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 sylvain October 27, 2005 17:36

inviscid flow and turbulnces

Guys I posted this message on the FLuent forum but I thought it might have its place on the main forum as well.

I might be wrong, but I thought turbulence is due to little fluctuations growing exponentially (if Reynolds number is large enough) due to nature of Navier Stokes equation. So the origin of turbulence lays in the flow and the fluctuations of BC and not in the fluid properties (even if reynolds is linked to the fluid property). For me, if we take an inviscid fluid, viscosity is close to 0 and the Reynolds number is very large (tends toward infinity). Hence the Reynolds number is big enough to enable the tiny fluctuations to grow exponentially and cause vorticity and come up with a turbulent flow. So my question is why Fluent overlooks the fact that inviscid flow should be turbulent? My assumption is that the inertial forces are so large (due to high velocity) that any eddies are negligible compared to what the bulk flow is. But I am really not sure of it. Can someone confirm or bring up another idea or tell me that I am saying crap and I should better open a fluid mechanic book before bothering you guys (even though I promise I did open a fluid mechanic book)

Thank you

 Mani October 27, 2005 18:12

Re: inviscid flow and turbulnces

I agree with your assessment on turbulence, as long you talk about flows at high Reynolds number. You need to be aware, though, that high-Re flows are not "inviscid flows". Although most of the flow field may be inviscid, a very important part of the flow (the boundary layer) is not. The behavior and equations for inviscid vs. high-Re flows are substantially different. True inviscid flow is governed by the Euler equations and cannot not satisfy the no-slip condition, as satisfied by the viscous Navier-Stokes equations (even at very large Re). In truly inviscid flow you don't have the generation of vorticity near the surface that you observe in viscous high-Re flows. The reason why I am pointing this out: You have to be clear on what you would like to discuss -- inviscid flow, or high-Reynolds-number flow. There is no truly inviscid flow in reality, and that's why I understand that you are thinking of high Reynolds numbers instead, but what is Fluent's idea of "inviscid" flow?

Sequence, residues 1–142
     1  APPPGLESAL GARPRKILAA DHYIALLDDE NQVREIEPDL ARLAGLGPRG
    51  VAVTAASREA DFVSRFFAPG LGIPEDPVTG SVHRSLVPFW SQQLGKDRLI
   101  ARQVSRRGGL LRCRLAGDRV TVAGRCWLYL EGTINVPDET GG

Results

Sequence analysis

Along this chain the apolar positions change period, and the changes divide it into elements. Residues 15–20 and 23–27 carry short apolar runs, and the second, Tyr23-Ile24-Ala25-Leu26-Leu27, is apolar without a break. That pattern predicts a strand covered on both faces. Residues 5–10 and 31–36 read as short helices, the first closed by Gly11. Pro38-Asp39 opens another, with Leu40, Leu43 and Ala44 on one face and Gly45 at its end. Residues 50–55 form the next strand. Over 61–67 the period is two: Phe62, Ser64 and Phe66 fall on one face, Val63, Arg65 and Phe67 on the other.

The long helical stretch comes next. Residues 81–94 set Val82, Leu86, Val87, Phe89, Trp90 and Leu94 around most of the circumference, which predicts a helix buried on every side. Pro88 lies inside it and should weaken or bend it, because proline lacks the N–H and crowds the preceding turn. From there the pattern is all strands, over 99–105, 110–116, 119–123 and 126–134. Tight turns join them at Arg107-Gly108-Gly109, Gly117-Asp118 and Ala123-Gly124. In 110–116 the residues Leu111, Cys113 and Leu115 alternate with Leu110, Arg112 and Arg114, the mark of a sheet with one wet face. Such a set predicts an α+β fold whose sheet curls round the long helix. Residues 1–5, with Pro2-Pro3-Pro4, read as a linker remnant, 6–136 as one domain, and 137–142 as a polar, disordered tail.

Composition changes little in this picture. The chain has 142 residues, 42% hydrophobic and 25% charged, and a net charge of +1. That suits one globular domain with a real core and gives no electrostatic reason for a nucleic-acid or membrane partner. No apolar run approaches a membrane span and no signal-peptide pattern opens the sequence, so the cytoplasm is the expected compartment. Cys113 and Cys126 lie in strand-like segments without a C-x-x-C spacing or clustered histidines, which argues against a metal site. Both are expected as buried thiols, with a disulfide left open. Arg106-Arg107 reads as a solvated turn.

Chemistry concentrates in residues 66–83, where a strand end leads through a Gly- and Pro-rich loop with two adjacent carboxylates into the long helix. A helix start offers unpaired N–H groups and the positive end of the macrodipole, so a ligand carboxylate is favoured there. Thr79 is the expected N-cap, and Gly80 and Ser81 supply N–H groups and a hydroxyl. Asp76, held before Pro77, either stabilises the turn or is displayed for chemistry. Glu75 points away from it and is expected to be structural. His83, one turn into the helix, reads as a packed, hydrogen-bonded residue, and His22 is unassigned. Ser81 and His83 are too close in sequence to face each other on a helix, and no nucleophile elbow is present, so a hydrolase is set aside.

Now, in order to see how the modelling of turbulence would be useful in either inviscid flow or flow of high Re, you should probably think more about possible applications. For attached flow over slender bodies (e.g. airfoils), turbulence may be important for drag prediction, but you need to consider viscous flow if you want to go there. For separated flows, turbulence is also very important, but again these flows cannot be accurately described by the inviscid equations -- with or without turbulence. Maybe turbulent mixing is a process where viscosity could be neglected, but I am not sure... What other applications did you have in mind?

 Sylvain October 27, 2005 18:48

Re: inviscid flow and turbulnces

Thank you very much.

I have no application in mind. I guess I was just wondering what Fluent was having in mind when invoking the inviscid viscous model. So I understand with your answer that when the Reynolds number is very large (which can be assumed as inviscid) we can invoke the inviscid model, that this model does not take into account turbulent effect, and that it is only an approximation, and if we want to determine the drag (for instance) it is required to solve for the boundary layer (and in this case of course a turbulent model is to be chosen). But still to me it seems like solving a problem by evoking an inviscid flow (out of the boundary layer) should give bad results. It should be as bad as considering the flow laminar. However, in the literrature it seems very well accepted to invoke inviscid flow out of the oundary layer.

 Mani October 28, 2005 13:38

Re: inviscid flow and turbulnces

"evoking an inviscid flow (out of the boundary layer) should give bad results"

Not always. It depends on what you call "result". If you're interested in the lift of an airfoil with fully attached flow (on a cruising airplane), you will get a very good approximation by an inviscid model (saving a lot of time compared to a viscous analysis). If you talk about drag, or lift with separation, it's a different story. Sometimes inviscid flow phenomena are dominant over viscous phenomena, for example when the drag of a space shuttle is dominated by losses through shock waves, rather than viscous drag. Sometimes viscous phenomena cannot be neglected.

That's why I suggested to think about applications. Each application has its own requirements, and it's impossible to generalize over all fluid dynamics problems. Inviscid analysis does have its merits in such cases where the effect of viscosity (and turbulence) is not very significant as compared to inviscid effects. Although you can take a brute force position and say that the full Navier-Stokes equations should always be better, so why do we need anything else... the answer, of course, is all about finding the maximum computational efficiency to achieve the necessary accuracy.

 sylvain October 30, 2005 14:55

Re: inviscid flow and turbulnces

Thank you Mani